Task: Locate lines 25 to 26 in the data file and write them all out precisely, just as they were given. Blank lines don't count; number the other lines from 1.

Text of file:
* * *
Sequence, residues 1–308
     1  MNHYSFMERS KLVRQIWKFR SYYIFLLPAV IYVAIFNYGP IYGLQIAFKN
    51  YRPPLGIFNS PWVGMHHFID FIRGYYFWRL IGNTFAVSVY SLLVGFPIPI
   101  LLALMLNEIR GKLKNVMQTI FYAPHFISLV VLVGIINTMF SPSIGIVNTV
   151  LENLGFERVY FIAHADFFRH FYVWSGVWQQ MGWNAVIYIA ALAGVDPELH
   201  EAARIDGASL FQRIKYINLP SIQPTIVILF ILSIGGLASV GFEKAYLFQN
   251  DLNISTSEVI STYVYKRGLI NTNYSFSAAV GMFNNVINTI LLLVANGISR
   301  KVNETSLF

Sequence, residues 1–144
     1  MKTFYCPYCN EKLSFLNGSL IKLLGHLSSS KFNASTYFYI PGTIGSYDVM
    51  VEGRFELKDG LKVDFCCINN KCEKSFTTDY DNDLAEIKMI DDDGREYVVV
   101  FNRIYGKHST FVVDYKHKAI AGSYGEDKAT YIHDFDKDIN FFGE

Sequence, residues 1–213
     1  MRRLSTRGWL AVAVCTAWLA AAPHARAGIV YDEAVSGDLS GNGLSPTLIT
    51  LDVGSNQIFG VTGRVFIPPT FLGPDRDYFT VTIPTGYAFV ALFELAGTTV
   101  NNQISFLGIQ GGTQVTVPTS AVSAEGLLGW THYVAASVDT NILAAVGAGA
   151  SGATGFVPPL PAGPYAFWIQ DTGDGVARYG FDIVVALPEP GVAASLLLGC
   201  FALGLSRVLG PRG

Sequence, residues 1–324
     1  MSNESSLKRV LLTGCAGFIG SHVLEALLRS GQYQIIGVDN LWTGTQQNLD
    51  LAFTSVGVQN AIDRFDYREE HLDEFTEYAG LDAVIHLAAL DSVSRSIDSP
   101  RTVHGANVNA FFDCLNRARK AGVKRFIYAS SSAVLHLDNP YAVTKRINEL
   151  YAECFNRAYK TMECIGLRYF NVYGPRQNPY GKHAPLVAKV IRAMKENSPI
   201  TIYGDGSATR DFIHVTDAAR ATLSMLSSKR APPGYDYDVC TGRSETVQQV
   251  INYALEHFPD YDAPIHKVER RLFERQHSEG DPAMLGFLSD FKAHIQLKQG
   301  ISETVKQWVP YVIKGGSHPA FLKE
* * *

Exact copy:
   251  INYALEHFPD YDAPIHKVER RLFERQHSEG DPAMLGFLSD FKAHIQLKQG
   301  ISETVKQWVP YVIKGGSHPA FLKE